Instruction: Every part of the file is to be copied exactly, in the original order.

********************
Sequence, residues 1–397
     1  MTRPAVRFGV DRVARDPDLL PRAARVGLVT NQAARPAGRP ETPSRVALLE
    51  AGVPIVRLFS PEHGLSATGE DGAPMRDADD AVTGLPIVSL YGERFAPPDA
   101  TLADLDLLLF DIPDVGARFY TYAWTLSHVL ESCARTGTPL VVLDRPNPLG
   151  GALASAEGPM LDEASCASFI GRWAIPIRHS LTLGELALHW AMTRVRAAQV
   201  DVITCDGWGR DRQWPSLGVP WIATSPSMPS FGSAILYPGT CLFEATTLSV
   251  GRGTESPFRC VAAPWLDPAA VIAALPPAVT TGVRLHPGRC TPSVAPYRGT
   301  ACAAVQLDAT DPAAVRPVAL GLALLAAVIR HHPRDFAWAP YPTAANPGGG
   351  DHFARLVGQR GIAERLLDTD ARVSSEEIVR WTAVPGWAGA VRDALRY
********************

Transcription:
Sequence, residues 1–397
     1  MTRPAVRFGV DRVARDPDLL PRAARVGLVT NQAARPAGRP ETPSRVALLE
    51  AGVPIVRLFS PEHGLSATGE DGAPMRDADD AVTGLPIVSL YGERFAPPDA
   101  TLADLDLLLF DIPDVGARFY TYAWTLSHVL ESCARTGTPL VVLDRPNPLG
   151  GALASAEGPM LDEASCASFI GRWAIPIRHS LTLGELALHW AMTRVRAAQV
   201  DVITCDGWGR DRQWPSLGVP WIATSPSMPS FGSAILYPGT CLFEATTLSV
   251  GRGTESPFRC VAAPWLDPAA VIAALPPAVT TGVRLHPGRC TPSVAPYRGT
   301  ACAAVQLDAT DPAAVRPVAL GLALLAAVIR HHPRDFAWAP YPTAANPGGG
   351  DHFARLVGQR GIAERLLDTD ARVSSEEIVR WTAVPGWAGA VRDALRY